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Destigmatising mental health in construction

What is mental health and why is it getting such a focus at the moment?

Mental health is a person’s condition with regard to their psychological and emotional wellbeing.

Mental health issues affect one in four people at some point in their lifetime. With construction employing around 2.4m people, that’s potentially a huge number of industry workers affected.

What do they look like, these people with mental health issues? Can we spot them? Are the numbers going up or down?

The reason we’re all talking about mental health is that the allocation of budgets in the NHS is skewed towards dealing with physical, visible injuries. It is easier to see a deep cut or a broken bone than to see a chemical reaction causing certain kinds of disturbance, or the depression caused by repeated lifetime challenges.

But the impact of mental health can be just as destructive to business performance and team working, as the obvious accidents and illnesses that we more regularly register and calculate.

“The impact of mental health can be just as destructive to business performance and team working as the obvious accidents and illnesses”

The campaigners for mental health have been talking about this for a long time, but this year the issues of wellbeing and mindfulness have started to be more openly discussed.

Even David Cameron and his ‘Big Society’ reinforces many of the structures that can support and reinforce positive conditions to help us in today’s complex and challenging world. At a time of national budget challenges, the correct allocation of resources means that we must be aware of the issues, or the important rebalancing we have begun to achieve will be lost.

So who are the one in four in your team? What kind of issues are they struggling with and what do you and your business plan to do about it?

No place for macho culture

James Pellatt of GPE commented recently in CN that the construction industry has a macho culture and that the “hidden pressures” of the industry have left people “mentally drained” are all too easily ignored by clients and firms alike.

Too often, we just expect people to “work through this”. Not an approach we would take today on physical health and safety issues, but it wasn’t that long ago that we would have done.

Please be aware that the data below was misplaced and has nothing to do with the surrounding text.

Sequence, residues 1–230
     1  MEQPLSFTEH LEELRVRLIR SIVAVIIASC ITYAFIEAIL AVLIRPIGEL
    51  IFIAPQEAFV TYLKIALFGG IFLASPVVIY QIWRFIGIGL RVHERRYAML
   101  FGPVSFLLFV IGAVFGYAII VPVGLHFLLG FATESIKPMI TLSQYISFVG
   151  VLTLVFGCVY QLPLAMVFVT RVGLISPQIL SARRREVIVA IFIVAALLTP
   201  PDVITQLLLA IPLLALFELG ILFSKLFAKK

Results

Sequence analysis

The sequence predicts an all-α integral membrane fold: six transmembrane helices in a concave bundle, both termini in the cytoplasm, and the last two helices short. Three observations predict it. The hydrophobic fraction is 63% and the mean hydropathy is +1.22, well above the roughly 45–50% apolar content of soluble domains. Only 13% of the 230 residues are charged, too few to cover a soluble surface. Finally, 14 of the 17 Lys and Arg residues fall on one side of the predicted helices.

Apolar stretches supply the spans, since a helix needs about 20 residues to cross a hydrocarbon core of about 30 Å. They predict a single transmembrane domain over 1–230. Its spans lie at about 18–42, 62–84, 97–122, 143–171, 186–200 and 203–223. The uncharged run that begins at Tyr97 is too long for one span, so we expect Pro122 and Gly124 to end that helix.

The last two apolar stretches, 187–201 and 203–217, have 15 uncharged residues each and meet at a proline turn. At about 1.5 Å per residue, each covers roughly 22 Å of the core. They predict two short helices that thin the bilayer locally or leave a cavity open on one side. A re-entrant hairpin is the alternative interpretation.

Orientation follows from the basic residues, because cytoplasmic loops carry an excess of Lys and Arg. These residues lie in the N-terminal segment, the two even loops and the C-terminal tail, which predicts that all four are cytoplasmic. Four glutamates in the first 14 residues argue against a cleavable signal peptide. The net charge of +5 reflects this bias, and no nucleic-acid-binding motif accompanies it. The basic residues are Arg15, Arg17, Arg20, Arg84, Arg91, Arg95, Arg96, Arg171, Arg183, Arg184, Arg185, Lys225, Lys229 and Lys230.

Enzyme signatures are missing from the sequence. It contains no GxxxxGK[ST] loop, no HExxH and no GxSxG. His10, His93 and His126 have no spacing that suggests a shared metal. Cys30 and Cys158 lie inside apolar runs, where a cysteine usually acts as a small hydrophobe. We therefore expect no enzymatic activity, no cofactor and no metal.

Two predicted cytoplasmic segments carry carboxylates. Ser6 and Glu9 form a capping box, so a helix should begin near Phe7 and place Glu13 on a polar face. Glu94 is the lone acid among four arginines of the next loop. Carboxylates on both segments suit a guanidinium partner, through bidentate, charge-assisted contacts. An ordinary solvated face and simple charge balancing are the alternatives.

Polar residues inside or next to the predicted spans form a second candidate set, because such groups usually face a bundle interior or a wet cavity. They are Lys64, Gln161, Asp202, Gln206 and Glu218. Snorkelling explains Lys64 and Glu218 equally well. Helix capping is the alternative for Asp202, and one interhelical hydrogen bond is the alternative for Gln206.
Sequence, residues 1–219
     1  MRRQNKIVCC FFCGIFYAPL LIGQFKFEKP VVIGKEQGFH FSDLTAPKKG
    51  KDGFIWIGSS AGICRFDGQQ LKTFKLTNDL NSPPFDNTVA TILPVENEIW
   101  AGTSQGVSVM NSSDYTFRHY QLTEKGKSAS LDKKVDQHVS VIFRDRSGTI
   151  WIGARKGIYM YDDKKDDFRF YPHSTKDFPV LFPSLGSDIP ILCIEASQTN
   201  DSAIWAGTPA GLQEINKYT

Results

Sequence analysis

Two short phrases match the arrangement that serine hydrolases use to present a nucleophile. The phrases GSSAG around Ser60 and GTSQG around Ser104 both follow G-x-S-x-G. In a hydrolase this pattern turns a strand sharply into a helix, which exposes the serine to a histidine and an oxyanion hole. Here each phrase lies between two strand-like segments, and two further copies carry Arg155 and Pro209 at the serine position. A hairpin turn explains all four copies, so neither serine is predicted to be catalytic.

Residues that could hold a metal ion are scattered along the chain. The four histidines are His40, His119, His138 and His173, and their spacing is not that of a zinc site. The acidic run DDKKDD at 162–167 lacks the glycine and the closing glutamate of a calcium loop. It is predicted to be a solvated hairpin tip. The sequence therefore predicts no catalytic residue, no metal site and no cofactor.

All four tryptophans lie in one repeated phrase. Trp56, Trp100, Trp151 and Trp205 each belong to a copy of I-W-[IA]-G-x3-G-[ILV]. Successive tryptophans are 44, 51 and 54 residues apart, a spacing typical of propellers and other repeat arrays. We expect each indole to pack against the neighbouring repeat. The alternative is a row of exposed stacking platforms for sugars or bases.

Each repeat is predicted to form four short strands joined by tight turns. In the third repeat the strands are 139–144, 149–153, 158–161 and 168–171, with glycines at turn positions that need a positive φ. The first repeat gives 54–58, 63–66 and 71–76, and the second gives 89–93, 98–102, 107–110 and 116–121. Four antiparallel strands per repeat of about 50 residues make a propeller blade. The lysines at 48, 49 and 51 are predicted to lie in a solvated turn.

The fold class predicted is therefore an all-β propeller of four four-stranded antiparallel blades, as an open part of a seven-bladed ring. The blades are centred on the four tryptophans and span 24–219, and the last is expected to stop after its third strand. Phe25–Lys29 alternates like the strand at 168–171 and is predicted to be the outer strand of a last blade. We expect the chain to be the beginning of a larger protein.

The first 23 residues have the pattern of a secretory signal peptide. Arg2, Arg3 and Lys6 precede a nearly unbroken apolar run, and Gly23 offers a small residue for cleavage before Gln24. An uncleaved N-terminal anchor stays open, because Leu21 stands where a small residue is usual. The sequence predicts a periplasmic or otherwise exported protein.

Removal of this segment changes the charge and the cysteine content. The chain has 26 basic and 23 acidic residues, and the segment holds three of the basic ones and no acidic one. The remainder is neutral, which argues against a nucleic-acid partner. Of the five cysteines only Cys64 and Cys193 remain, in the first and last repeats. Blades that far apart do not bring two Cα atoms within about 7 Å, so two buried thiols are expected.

The Mental Health Foundation produced a great little guide to look after the mental health of your teams.

Ten easy tips to apply which will help reduce any macho or ignorant behaviour. It’s not just about the supposed soft, touchy-feely stuff either; it’s also about eating right, drinking in moderation, staying fit, keeping in touch with friends and family, feeling valued, taking breaks from work, being comfortable with who you are and if you are worried, having the gumption or strength to talk to somebody.

“We are, as an industry, poor at talking about what worries us”

Men are generally portrayed as being less comfortable with talking about how the feel. The construction industry, much to its shame, is significantly male dominant. So guess what? We are, as an industry, poor at talking about what worries us.

The result is often teams that don’t work, and sickness and health issues which can spring up at high pressure projects; when people managers concentrate on technical delivery and fail to do their jobs of managing people.

More females would help us get better answers, but also better results. When was the last time a client objected to one of your team because it was all male? When were any potential mental health issues on a long duration project the subject of a prequalification interview?

Going the extra mile

At Simons, we challenge everyone to be more aware of their mental health. Our employee engagement survey earlier in the year saw great results, but we have a duty to make sure our workforce feel happy and healthy, as well as that.

Earlier this month we hosted a Wellbeing Day to recognise World Mental Health Day, which saw our workforce offered exercise workshops, nutritional guidance, health insurance advice, full body MOTs and introductions to neighbouring community activities.

The response was overwhelming and we hope to see employees regularly discussing this at work, along with making sure we do our bit to encourage even more to start taking care from within.

James Pellatt has the right ideas. It will be great to see the projects he is delivering in central London become beacons for changing the behaviour and practices of high pressure projects, as well as delivering fantastic physical buildings.

Paul Hodgkinson is executive chairman of the Simons Group

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